Bug fixes in glibc aren't included in a statically linked application when you upgrade glibc unless you rebuild the application.

Also, NSS (Name Service Switch) doesn't work unless you use dynamic linking.

  • 1
    what do you mean by NSS? – pzelasko Aug 13 at 12:23
  • @pzelasko Name Service Switch. – JL2210 Aug 13 at 14:53

The program/glibc interface is standardized and documented by POSIX, the C and C++ standards, and others. For example, the fopen() function behaves per the C standard, and pthread_mutex_lock() per POSIX.

The glibc/kernel interface is not standardized. Does fopen() use open() under the hood? Or does it use openat()? Or something else? What will it use next year? You don't know.

If the glibc/kernel interface changes, a program that uses whatever changed but statically links glibc won't work any more.

15+ years ago, Solaris removed all static versions of libc for this very reason.

Static Linking - where did it go?

With Solaris 10 you can no longer build a static executable. It's not that ld(1) doesn't allow static linking, or using archives, it's just that libc.a, the archive version of libc.so.1, is no longer provided. This library provides the interfaces between user land and the kernel, and without this library it is rather hard to create any form of application.

We've been warning users against static linking for some time now, and linking against libc.a has been especially problematic. Every solaris release, or update (even some patches) has resulted in some application that was built against libc.a, failing. The problem is that libc is supposed to isolate an application from the user/kernel boundary, a boundary which can undergo changes from release to release.

If an application is built against libc.a, then any kernel interface it references is extracted from the archive and becomes a part of the application. Thus, this application can only run on a kernel that is in-sync with the kernel interfaces used. Should these interfaces change, the application is treading on shaky ground.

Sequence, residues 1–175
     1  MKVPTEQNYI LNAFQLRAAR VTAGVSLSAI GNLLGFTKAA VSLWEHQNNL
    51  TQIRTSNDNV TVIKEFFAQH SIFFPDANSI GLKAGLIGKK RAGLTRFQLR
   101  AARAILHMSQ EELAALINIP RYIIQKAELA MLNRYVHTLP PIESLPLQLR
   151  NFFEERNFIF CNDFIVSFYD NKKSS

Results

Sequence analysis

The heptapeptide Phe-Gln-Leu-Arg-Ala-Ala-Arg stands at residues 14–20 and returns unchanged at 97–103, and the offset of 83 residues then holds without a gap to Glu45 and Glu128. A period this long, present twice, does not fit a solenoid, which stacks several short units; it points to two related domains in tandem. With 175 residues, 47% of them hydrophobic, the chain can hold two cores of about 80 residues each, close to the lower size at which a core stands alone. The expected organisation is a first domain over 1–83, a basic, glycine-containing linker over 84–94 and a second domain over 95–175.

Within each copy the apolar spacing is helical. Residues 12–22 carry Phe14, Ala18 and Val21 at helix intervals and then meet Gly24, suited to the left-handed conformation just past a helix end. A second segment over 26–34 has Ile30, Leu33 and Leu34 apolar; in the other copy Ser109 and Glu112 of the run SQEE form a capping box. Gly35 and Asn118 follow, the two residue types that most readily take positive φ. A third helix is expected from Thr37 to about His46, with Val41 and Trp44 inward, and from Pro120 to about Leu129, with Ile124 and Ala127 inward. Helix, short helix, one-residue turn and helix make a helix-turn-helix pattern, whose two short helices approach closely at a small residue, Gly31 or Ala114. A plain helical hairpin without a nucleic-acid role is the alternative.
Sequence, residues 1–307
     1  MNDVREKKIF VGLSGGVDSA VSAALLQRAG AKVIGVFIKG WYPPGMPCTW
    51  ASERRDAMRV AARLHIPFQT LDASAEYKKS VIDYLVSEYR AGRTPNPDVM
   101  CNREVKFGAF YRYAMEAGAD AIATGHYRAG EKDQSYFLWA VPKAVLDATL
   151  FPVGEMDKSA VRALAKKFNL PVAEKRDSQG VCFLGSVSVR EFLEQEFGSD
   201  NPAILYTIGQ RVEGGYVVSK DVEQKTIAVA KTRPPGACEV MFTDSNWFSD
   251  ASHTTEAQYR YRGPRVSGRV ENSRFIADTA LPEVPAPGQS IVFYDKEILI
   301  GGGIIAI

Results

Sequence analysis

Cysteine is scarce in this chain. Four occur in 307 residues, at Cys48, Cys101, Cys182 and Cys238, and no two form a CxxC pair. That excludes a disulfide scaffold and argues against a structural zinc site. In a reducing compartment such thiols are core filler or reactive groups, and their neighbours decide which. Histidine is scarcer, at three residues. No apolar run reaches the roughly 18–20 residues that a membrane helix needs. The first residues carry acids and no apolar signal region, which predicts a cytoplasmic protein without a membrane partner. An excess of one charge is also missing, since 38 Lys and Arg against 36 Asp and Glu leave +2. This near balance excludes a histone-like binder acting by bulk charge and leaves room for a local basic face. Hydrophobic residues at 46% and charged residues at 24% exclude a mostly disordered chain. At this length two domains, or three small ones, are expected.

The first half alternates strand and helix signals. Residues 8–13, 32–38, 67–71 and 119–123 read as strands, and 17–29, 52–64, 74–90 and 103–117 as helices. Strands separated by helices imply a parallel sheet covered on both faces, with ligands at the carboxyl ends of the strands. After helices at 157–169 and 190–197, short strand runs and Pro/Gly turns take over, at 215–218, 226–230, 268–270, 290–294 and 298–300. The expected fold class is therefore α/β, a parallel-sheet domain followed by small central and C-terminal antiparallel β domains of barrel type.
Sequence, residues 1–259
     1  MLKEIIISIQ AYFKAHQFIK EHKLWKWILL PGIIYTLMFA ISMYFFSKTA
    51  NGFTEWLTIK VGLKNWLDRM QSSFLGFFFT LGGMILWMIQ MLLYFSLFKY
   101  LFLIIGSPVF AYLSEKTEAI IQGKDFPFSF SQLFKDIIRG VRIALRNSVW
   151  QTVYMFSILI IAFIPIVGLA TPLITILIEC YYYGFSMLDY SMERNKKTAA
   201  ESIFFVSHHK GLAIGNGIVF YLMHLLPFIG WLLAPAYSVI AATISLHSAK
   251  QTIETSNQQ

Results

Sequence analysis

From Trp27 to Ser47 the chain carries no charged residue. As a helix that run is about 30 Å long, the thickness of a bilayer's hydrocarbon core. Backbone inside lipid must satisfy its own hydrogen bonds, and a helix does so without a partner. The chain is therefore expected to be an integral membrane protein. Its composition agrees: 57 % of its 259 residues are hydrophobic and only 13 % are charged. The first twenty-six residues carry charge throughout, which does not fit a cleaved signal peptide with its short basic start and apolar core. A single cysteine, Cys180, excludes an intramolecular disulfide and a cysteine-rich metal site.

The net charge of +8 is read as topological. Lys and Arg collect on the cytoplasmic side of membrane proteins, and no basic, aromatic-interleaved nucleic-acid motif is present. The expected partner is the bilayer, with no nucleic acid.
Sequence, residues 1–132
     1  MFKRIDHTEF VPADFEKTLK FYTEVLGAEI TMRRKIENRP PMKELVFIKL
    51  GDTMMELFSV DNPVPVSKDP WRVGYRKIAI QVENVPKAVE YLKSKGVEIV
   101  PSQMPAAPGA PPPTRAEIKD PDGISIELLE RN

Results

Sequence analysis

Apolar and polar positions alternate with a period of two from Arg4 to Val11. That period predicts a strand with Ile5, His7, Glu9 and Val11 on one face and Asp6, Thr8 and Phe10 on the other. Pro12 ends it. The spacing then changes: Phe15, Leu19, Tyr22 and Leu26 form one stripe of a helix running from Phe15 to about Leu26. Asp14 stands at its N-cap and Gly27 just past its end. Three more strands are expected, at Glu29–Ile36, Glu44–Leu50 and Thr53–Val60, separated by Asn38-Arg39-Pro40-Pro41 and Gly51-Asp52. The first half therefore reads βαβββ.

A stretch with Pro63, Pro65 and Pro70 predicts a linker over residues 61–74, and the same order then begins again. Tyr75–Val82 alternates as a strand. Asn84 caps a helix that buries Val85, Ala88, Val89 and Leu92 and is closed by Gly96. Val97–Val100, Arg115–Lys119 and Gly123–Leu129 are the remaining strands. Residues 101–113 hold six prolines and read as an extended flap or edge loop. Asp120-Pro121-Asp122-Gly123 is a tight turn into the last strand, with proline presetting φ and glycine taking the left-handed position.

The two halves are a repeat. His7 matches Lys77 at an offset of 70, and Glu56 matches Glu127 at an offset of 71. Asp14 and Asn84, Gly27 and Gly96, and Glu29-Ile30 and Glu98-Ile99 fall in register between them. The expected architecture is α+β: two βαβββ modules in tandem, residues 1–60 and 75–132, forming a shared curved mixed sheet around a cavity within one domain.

There seems to be serious overestimation of the stability of the Linux kernel interface. See Linux kernel API changes/additions for details. To summarize:

enter image description here

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    yarchive.net/comp/linux/gcc_vs_kernel_stability.html: We care about user-space interfaces to an insane degree. We go to extreme lengths to maintain even badly designed or unintentional interfaces. Breaking user programs simply isn't acceptable. – Maxim Egorushkin Aug 13 at 11:37
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    @MaximEgorushkin Reality is different. The Linux ABI isn't very stable, to the point it's been mocked relatively recently: "It's not a secret that there are two basic ways of running a Linux distribution on your hardware. Either you use a stable distro which has quite an outdated kernel release which might not support your hardware or you run the most recent stable version but you lose stability and you are prone to regressions." – Andrew Henle Aug 13 at 11:46
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    The quote you cited is about in-kernel driver APIs, not the user-space API. – Maxim Egorushkin Aug 13 at 11:50
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    "The glibc interface is standardized. By POSIX. By the C standard. And others." the programming interface is, but the binary interface is not! – plugwash Aug 13 at 19:58
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    The kernel's binary interface is not standardised, but neither is glibc's binary interface. – plugwash Aug 13 at 20:18